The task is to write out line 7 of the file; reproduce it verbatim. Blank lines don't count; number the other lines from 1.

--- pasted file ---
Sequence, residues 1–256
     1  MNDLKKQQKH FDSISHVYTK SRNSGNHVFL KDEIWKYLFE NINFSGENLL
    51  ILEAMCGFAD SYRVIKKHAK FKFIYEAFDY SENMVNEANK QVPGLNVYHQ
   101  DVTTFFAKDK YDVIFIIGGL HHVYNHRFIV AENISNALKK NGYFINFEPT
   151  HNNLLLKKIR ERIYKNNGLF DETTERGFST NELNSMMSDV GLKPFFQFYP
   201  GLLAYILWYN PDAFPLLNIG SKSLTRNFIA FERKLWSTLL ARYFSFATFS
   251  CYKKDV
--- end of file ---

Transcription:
   251  CYKKDV